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No Luck For US Military Deserters Seeking Refuge In Canada

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Jonah Bennett Contributor
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Canada used to have the reputation as a safe haven for U.S. military deserters during the Vietnam War, but that reputation no longer seems to hold.

Some deserters, like Army Sgt. Patrick Hart, have found out the hard way, The Associated Press reports.

For five years, Hart tried to fight the immigration system in Canada to no avail after refusing to serve in the Iraq war in 2005. It’s not just Hart who’s experiencing a particularly difficult time. According to advocates who support deserters protesting the wars in Iraq and Afghanistan, there hasn’t been a single successful case of legal immigration into Canada in the past decade, regardless of category. Neither humanitarian nor refugee status claims have passed muster with Citizenship and Immigration Canada.

“Military deserters from the United States are not genuine refugees under the internationally accepted meaning of the term,” Citizenship and Immigration Canada spokeswoman Nancy Caron said in a statement to The Associated Press. “These unfounded claims clog up our system for genuine refugees who are actually fleeing persecution.”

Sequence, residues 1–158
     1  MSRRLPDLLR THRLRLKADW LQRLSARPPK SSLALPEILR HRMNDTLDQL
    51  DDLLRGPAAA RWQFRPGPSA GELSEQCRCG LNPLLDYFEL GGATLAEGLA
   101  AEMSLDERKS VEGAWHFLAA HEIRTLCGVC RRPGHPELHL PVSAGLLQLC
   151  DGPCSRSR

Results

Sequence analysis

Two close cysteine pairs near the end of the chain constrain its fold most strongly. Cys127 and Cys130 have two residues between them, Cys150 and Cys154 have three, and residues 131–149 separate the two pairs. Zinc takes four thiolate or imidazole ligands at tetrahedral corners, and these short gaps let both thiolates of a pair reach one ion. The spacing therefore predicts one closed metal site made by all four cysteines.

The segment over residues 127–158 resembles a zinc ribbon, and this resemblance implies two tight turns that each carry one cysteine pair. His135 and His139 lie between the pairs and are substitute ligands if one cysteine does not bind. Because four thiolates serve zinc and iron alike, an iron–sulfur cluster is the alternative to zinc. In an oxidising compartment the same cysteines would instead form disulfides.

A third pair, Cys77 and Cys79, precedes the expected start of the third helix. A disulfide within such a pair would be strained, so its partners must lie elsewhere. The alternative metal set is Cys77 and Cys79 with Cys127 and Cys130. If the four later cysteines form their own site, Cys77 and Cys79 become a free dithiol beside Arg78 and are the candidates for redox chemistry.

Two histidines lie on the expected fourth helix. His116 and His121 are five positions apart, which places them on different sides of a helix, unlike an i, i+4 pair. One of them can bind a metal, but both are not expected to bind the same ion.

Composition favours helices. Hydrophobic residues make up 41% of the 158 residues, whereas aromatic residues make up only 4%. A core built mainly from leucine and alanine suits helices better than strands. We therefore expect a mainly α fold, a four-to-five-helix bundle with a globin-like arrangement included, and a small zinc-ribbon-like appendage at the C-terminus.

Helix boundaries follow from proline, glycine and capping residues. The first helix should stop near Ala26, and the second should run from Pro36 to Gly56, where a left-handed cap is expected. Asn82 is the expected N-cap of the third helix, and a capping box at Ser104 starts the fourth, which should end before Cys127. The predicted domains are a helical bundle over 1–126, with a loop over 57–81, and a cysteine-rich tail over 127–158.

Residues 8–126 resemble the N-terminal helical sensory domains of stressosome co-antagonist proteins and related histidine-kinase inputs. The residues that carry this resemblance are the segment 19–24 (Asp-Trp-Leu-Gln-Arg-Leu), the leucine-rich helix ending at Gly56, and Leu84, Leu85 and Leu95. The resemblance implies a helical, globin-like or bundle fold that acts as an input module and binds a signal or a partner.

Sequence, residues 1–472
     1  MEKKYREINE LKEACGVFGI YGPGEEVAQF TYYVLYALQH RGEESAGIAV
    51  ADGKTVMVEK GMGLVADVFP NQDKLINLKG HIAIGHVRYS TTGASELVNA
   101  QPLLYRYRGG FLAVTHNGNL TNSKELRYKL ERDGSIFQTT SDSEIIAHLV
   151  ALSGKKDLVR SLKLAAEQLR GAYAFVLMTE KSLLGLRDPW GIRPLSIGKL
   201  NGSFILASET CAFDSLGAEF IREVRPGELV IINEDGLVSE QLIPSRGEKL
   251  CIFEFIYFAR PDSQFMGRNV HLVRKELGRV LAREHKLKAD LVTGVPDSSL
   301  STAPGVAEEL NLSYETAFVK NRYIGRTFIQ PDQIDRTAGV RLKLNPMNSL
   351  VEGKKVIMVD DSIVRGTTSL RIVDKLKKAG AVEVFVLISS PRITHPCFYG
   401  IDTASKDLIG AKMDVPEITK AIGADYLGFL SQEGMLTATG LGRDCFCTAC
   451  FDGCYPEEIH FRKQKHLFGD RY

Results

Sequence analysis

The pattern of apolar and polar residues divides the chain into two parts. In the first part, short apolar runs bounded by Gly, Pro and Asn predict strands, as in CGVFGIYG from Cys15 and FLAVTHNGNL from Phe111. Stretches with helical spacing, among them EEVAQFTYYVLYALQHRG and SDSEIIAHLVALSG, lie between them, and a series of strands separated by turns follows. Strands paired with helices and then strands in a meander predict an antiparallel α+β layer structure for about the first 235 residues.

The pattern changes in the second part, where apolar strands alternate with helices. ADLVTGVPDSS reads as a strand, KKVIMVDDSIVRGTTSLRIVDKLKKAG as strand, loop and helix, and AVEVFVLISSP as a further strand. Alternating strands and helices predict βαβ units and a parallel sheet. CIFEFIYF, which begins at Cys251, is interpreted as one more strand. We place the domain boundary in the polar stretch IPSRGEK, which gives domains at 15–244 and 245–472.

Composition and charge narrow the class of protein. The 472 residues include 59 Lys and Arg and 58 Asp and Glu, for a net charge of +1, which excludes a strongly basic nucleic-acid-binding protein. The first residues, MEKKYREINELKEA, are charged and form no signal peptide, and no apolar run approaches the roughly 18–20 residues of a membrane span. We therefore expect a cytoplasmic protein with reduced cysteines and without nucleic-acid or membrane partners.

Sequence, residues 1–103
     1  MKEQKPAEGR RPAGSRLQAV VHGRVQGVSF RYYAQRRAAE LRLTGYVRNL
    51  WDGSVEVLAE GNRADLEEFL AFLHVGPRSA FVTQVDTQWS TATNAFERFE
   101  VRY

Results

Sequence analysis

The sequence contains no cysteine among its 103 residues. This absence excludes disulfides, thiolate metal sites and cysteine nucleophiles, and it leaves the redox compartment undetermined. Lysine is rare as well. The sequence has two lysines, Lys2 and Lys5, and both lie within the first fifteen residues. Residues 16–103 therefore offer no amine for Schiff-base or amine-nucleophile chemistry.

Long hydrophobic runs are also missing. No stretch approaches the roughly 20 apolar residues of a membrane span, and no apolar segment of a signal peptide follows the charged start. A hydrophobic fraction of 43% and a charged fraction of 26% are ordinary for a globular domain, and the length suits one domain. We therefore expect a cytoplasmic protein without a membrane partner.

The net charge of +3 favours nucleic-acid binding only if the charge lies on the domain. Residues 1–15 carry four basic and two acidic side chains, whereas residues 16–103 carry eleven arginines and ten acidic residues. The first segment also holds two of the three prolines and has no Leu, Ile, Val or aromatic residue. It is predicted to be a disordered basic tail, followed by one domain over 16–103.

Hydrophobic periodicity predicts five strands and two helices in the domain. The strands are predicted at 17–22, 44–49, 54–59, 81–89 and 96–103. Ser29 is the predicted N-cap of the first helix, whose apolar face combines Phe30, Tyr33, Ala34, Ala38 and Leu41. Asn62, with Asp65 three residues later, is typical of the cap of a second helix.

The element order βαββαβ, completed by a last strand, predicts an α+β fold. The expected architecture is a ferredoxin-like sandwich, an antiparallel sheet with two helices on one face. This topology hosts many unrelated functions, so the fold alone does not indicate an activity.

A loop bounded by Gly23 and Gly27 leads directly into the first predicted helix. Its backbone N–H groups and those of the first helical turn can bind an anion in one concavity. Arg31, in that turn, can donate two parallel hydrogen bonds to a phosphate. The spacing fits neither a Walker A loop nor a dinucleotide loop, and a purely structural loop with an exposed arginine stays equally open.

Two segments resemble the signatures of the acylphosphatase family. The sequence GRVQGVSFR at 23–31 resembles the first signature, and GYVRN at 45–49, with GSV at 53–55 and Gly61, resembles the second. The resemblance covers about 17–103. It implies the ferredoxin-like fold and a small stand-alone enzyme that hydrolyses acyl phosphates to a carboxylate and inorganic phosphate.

Hart finally turned himself in to the U.S. Army and received a two-year sentence. He thinks that part of the reason his claims were denied was because he was a vocal opponent of the war, even while in Canada.

“We had kind of run the course of legal action to stay there, so we were pretty much just sitting there waiting for a deportation order to come down,” Hart told The Associated Press. In 2013, Hart was released from Fort Leavenworth, Kansas. Three other soldiers have returned to the U.S., only to be sentenced to prison.

In 2013, Pfc. Kim Rivera was sentenced to 10 months in prison. Back in 2009, Spc. Clifford Cornell was given a one-year sentence. And finally, in 2008, Pfc. Robin Long went to prison for 15 months.

According to Army statistics, there have been approximately 20,000 desertions since 2006, but from 2001 up until now, the Army hasn’t bothered with very many prosecutions—just 1,900 in total. Wrongdoing is usually trivial to prove, but lawyers often take into account circumstances such as PTSD.

In one of the more famous cases, Sgt. Bowe Bergdahl, who became a prisoner of the Taliban after he abandoned his unit in Afghanistan, was charged with one count of desertion in late March and could face a dishonorable discharge from the military. He does not, however, face the death penalty.

Advocates are waiting for the results of Canada’s national election in the next few months to see if there’s any indication immigration policy may change.

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